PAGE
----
Friday, March 18, 2011

New NIV Bible to Debut - the NIV 2011

(Christian Post) Say good-bye to the NIV Bible as we know it and say hello to the updated, gender-inclusive NIV Bible which debuts in stores this month.

Mega-publisher Zondervan printed 1.9 million copies of the updated NIV Bible in this first run, up from the original 1.4 million.

"This laydown of the NIV update is bigger than we imagined," said Chip Brown, senior vice president of Bibles for Zondervan, to The Christian Post. "A couple of retailers came in a little higher after seeing the marketing and products."

This spring and summer, the company is releasing 33 titles and 177 product SKUs featuring the updated NIV text. A second batch of 188 SKUs, including the updated edition of the NIV Study Bible, will join the new line this fall.

The updated NIV Bible is being promoted as the first update to the NIV in 25 years. In reality, the 2005 TNIV was the first attempt to update the 1984 NIV, but fallout from the evangelical community over its overt "gender inclusive" language led to its demise in 2009.

With the updated NIV Bible now in print form, it is expected that more evangelical scholars and pastors will fully weigh in on the revised translation in the coming weeks. (Read more)

With 2011 being the 400th anniversary of the King James Bible, another new age Bible version officially comes on the scene - the NIV 2011. The gender-inclusive, or gender neutral, version of the Bible aims to cater to the feminists. It will eliminate (or neutralize) reference to gender in terms that describe people. For example, the words chairman, fireman and stewardess are gender-specific. The corresponding gender-neutral terms are chairperson (or chair), firefighter and flight attendant.  Feminists argue that previously the practice of assigning masculine gender stemmed from language reflecting a male-centered, patriarchal society. [1]

The Today's NIV (TNIV) already has gender inclusive text, but it has some alterations to it to make it more palatable to evangelicals. The publisher says the NIV 2011 will replace both the 1984 and 2005 versions. So basically, the old one will no longer be in print. Since the TNIV has gender inclusive language in it, what does John MacArthur have to say about the TNIV?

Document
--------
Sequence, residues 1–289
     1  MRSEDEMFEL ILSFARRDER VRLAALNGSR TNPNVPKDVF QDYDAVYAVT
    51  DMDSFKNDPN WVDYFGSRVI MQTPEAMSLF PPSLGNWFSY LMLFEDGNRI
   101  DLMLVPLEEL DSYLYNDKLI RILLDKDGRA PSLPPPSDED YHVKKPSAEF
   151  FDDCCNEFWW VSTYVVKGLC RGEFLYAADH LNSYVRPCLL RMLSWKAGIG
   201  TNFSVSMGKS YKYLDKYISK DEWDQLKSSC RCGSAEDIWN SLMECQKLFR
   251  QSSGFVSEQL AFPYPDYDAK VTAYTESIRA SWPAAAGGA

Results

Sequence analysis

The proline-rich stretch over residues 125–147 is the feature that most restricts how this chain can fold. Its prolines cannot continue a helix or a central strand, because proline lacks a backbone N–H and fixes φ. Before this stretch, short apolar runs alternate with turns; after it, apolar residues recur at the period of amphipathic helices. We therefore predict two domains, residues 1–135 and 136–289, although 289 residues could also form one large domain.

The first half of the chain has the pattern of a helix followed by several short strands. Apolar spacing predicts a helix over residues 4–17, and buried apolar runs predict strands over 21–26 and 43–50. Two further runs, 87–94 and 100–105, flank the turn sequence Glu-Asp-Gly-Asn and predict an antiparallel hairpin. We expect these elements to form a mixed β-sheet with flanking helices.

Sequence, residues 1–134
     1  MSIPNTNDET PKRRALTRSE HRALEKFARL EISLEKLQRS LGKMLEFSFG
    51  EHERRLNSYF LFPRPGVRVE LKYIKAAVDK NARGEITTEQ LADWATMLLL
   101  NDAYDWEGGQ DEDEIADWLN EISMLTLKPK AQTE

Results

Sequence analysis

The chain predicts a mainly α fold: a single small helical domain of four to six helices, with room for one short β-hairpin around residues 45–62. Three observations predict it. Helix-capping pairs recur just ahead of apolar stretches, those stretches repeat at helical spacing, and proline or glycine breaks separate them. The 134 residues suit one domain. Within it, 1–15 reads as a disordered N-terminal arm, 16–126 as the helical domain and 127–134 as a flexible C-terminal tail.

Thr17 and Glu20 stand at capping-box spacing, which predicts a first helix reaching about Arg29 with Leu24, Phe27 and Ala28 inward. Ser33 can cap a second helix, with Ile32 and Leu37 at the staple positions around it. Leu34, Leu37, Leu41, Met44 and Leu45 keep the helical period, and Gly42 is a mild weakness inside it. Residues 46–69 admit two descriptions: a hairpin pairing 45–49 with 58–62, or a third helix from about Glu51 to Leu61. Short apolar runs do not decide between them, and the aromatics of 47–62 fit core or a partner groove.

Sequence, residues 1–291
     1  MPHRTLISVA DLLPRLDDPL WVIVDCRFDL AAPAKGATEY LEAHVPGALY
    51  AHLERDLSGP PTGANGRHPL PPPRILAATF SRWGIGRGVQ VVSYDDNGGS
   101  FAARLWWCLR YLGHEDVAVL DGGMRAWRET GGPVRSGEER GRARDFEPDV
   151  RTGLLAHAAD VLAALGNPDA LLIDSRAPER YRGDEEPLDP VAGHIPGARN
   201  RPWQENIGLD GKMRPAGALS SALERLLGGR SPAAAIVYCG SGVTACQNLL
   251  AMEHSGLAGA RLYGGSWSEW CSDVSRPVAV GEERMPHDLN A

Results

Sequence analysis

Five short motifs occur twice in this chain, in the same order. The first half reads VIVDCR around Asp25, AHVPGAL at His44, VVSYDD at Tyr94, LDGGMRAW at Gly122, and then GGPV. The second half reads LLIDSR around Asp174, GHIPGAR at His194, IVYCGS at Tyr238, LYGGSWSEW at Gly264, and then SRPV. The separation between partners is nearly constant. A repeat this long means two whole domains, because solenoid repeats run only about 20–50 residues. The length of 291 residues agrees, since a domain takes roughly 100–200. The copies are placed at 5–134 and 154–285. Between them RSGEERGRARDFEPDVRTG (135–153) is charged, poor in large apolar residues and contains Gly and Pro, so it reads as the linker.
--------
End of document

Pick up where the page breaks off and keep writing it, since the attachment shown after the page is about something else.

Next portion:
(YouTube link)

This version has already been in the making for years. The NIV is primarily a translation used by Evangelicals, so it was one of the last to be changed. All the following versions are "gender-inclusive" versions:
  • 1983 An Inclusive Language Lectionary [ILL]
  • 1985 New Jerusalem Bible [NJB]
  • 1987 New Century Version [NCV]
  • 1986 International Children’s Bible [ICB] (aka The Odyssey Bible)
  • 1986 New American Bible, [NAB]
  • 1989 Revised English Bible [REB]
  • 1990 New Revised Standard Version [NRSV]
  • 1992 Good News Bible [1992 Revision] [GNB]
  • 1992 Today’s English Version [TEV]
  • 1993 The Message
  • 1994 The Inclusive New Testament [INT]
  • 1995 Contemporary English Version [CEV]
  • 1995 New American Standard Bible Update [NASBU]
  • 1995 God's Word [GW]
  • 1996 New International Reader's Version [Nirv] (Note. After negative reaction to the "gender-inclusive" 1995 version of the NirV, in 1998 the NIV crew updated the NirV removing much of the "gender-inclusive" readings.)
  • 1996 New International Version, Inclusive Language Edition [NIVI] published ONLY in Great Britain by Hodder & Stoughton, London
  • 1995 New Testament and Psalms, An Inclusive Version [NTPI]
  • 1996 New Living Translation [NLT]
  • 2002 Today's New International Version [TNIV] [2]
It is interesting to note that the King James Bible is the only version that is not copywritten. All other translations in print are owned by individuals.

"Behold, the days come, saith the Lord GOD,
that I will send a famine in the land,
not a famine of bread, nor a thirst for water,
but of hearing the words of the LORD:
" Amos 8:11